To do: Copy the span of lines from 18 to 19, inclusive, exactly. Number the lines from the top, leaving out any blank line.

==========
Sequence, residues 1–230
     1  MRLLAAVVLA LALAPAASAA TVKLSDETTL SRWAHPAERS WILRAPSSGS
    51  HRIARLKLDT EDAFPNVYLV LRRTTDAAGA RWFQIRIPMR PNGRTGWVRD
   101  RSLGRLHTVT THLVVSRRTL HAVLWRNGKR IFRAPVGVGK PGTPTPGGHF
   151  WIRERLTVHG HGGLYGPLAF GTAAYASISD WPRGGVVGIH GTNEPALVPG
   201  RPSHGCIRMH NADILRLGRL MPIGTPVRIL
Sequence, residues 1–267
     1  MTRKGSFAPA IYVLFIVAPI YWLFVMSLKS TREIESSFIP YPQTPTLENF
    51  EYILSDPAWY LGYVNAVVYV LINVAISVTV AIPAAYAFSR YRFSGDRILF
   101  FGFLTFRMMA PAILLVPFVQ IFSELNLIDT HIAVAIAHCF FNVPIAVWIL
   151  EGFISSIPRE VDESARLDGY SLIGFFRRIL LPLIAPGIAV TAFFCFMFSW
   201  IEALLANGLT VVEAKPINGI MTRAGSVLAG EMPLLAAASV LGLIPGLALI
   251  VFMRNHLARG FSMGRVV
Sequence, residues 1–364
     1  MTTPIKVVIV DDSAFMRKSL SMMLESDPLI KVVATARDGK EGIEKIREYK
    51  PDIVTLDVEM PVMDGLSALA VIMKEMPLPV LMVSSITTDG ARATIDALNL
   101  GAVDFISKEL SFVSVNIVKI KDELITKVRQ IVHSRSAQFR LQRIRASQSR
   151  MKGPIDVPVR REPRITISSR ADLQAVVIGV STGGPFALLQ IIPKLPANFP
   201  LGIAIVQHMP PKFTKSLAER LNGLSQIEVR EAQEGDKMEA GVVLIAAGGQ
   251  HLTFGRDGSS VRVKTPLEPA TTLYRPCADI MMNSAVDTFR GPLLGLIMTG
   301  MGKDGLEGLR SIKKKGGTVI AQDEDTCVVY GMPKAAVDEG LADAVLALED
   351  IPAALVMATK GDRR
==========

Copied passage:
   151  MKGPIDVPVR REPRITISSR ADLQAVVIGV STGGPFALLQ IIPKLPANFP
   201  LGIAIVQHMP PKFTKSLAER LNGLSQIEVR EAQEGDKMEA GVVLIAAGGQ